Gary A. Vasquez-USA TODAY Sports
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LOS ANGELES – St. Louis Cardinals slugger Albert Pujols hit his 700th career home run on Friday night, connecting for his second drive of the game against the Los Angeles Dodgers and becoming the fourth player to reach the milestone in major league history.

The 42-year-old Pujols hit No. 699 in the third inning, then launched No. 700 in the fourth at Dodger Stadium.

With the drive in the final days of his last big league season, Pujols joined Barry Bonds (762 homers), Hank Aaron (755) and Babe Ruth (714) in one of baseball’s most exclusive clubs.

It’s been a remarkable run for Pujols. This was his 14th home run since the start of August for the NL Central-leading Cardinals, and his 21st of the season.

Pujols’ historic homer was a three-run shot against Dodgers reliever Phil Bickford. The ball landed in the first few rows of the left-field pavilion, the same location his two-run shot touched down the previous inning off left-hander Andrew Heaney.

Pujols received a prolonged standing ovation from the crowd – he finished out last season while playing for the Dodgers. He took a curtain call, raising his cap in acknowledgment.

The fans chanted “Pujols! Pujols!” They finally sat down after being on their feet in anticipation of seeing history.

Pujols snapped a tie with Alex Rodriguez for fourth on the list when he hit career homer No. 697 against Pittsburgh on Sept. 11.

Reaching 700 homers seemed like a long shot for Pujols when he was batting .189 on July 4. But the three-time NL MVP started to find his stroke in August, swatting seven homers in one 10-game stretch that helped St. Louis pull away in the division race.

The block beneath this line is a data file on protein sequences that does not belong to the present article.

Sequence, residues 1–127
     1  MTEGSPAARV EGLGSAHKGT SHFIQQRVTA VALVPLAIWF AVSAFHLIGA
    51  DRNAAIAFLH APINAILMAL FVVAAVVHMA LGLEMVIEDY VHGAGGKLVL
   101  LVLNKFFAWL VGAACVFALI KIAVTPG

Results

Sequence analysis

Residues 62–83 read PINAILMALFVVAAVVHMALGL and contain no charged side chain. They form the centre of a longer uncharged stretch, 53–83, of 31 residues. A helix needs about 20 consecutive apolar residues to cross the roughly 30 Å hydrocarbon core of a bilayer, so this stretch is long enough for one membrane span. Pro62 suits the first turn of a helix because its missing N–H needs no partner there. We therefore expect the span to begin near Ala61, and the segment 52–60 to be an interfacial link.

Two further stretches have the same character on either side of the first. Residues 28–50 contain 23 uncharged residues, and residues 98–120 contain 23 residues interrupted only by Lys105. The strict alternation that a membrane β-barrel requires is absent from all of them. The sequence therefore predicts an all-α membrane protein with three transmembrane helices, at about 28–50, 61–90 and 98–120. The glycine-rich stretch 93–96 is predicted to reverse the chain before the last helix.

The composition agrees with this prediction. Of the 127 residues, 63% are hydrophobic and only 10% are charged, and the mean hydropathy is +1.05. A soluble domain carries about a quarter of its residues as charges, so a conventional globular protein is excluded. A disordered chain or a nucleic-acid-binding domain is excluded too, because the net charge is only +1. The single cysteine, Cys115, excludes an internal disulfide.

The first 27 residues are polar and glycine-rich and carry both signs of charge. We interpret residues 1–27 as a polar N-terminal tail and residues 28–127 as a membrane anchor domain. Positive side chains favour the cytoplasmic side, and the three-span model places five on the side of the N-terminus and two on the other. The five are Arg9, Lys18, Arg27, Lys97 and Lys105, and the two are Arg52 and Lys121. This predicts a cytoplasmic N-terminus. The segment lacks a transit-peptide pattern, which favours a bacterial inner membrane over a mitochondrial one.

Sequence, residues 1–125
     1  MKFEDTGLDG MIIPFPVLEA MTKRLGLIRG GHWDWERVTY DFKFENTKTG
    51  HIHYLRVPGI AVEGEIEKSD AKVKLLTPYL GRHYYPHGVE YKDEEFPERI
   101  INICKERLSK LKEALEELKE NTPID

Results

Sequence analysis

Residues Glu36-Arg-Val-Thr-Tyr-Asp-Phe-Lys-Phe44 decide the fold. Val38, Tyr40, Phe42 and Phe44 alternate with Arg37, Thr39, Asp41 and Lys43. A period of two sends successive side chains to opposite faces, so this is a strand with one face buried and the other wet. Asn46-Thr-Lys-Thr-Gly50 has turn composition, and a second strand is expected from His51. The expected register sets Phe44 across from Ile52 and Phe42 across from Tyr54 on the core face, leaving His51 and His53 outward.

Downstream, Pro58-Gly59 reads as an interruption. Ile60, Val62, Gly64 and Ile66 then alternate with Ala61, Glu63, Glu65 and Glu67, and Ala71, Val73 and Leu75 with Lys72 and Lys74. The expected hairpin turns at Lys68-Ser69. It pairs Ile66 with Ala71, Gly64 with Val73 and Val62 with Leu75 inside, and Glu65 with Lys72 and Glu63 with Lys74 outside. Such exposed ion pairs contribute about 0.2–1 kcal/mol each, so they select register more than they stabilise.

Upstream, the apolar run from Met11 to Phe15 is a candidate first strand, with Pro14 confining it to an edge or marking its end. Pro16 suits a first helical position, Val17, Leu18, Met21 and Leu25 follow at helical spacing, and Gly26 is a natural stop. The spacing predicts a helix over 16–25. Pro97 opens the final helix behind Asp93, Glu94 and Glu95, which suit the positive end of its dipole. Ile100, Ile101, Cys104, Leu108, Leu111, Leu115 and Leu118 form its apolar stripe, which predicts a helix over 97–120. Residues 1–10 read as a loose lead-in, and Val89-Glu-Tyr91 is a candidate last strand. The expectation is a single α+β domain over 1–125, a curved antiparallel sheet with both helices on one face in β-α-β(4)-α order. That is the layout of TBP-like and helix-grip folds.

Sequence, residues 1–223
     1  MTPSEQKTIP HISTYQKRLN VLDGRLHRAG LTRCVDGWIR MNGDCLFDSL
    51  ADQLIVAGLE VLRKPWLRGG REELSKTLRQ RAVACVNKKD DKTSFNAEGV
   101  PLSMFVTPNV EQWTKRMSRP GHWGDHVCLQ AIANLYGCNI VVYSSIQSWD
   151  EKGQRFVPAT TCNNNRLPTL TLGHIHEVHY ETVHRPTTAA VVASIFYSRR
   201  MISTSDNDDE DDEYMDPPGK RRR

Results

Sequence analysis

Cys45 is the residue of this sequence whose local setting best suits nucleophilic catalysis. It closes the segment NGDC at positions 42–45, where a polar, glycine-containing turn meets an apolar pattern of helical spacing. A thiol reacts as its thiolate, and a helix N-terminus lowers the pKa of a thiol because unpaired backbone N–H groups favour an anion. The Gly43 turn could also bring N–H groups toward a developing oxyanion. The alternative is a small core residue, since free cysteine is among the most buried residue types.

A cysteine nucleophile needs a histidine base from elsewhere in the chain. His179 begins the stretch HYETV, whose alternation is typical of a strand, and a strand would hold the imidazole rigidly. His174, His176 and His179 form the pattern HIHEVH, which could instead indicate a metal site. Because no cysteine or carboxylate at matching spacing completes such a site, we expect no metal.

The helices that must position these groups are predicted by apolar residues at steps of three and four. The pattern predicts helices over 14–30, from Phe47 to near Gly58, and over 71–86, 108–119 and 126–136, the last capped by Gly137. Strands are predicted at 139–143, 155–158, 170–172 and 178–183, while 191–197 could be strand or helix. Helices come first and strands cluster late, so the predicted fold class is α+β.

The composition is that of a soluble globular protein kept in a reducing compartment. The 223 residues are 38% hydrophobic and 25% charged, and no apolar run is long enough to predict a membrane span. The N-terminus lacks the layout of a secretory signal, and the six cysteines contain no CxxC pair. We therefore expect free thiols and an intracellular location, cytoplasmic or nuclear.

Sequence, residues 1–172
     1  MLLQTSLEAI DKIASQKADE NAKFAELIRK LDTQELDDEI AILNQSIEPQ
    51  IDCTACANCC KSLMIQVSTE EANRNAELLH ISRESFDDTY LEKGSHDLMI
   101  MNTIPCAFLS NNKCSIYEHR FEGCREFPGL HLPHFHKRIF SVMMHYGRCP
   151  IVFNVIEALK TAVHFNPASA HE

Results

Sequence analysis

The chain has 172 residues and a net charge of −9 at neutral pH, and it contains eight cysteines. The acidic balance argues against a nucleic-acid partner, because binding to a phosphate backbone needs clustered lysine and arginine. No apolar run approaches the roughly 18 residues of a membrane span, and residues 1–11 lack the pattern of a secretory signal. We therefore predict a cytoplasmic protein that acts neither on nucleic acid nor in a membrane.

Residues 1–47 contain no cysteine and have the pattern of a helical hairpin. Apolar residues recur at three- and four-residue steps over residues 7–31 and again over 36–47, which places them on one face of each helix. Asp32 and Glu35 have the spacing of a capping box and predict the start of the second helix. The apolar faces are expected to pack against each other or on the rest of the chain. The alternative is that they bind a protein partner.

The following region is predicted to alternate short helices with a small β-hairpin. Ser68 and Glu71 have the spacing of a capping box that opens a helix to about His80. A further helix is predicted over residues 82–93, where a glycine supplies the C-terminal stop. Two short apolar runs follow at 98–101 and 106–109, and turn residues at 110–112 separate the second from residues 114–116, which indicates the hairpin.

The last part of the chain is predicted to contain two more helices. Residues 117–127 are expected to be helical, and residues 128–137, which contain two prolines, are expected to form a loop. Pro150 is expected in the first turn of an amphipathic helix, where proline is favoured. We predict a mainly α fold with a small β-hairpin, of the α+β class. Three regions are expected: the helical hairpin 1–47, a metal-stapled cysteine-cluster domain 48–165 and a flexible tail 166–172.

“I know that early in the year … I obviously wanted better results,” Pujols said after he homered in a 1-0 victory over the Chicago Cubs on Aug. 22. “But I felt like I was hitting the ball hard. Sometimes this game is going to take more away from you than the game (is) giving you back.

“So I think at the end of the day you have to be positive and just stay focused and trust your work. That’s something that I’ve done all the time.”

Pujols has enjoyed a resurgent season after returning to St. Louis in March for a $2.5 million, one-year contract. It’s his highest total since he hit 23 homers for the Angels in 2019.

He plans to retire when the season ends.

Pujols also began his career in St. Louis. He was selected by the Cardinals in the 13th round of the 1999 amateur draft and won the 2001 NL Rookie of the Year award.

The Dominican Republic native hit at least .300 with at least 30 homers and 100 RBIs in each of his first 10 seasons. He helped the Cardinals to World Series titles in 2006 and 2011.

He set a career high with 49 homers in 2006 – one of seven seasons with at least 40 homers. He led the majors with 47 homers in 2009 and topped the NL with 42 in 2010.

Pujols left St. Louis in free agency in December 2011, signing a $240 million, 10-year contract with the Angels. He was waived by the Angels in May 2021, and then joined the Dodgers and hit 12 homers and drove in 38 runs in 85 games.